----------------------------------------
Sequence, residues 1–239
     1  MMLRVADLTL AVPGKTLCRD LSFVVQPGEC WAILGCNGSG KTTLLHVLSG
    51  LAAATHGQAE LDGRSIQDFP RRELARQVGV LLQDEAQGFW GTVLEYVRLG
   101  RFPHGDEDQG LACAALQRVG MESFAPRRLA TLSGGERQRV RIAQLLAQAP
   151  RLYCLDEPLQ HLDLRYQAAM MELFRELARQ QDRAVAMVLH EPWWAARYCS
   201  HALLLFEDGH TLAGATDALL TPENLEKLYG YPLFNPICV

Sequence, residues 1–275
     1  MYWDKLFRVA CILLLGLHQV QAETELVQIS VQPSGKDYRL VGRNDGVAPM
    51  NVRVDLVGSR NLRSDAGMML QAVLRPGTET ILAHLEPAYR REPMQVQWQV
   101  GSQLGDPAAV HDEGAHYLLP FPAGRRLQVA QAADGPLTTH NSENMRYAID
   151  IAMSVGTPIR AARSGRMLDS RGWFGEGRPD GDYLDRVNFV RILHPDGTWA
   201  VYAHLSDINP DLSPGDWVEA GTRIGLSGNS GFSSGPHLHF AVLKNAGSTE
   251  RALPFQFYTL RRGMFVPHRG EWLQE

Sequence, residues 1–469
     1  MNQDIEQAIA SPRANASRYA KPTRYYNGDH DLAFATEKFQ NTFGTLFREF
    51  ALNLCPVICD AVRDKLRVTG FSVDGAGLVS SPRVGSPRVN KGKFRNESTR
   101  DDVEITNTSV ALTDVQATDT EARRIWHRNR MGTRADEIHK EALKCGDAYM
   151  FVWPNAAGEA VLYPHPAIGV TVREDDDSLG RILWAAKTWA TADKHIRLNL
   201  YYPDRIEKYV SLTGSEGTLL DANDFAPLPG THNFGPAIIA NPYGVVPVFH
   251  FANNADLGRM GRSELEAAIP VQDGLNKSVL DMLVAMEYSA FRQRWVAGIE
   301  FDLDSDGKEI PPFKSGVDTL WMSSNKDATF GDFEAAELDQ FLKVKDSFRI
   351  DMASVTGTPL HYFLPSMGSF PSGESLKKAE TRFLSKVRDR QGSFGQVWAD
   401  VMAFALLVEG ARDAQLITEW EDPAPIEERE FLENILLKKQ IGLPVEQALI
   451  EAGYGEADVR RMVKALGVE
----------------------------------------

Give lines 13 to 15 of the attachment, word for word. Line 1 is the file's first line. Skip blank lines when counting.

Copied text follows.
   251  RALPFQFYTL RRGMFVPHRG EWLQE

Sequence, residues 1–469
     1  MNQDIEQAIA SPRANASRYA KPTRYYNGDH DLAFATEKFQ NTFGTLFREF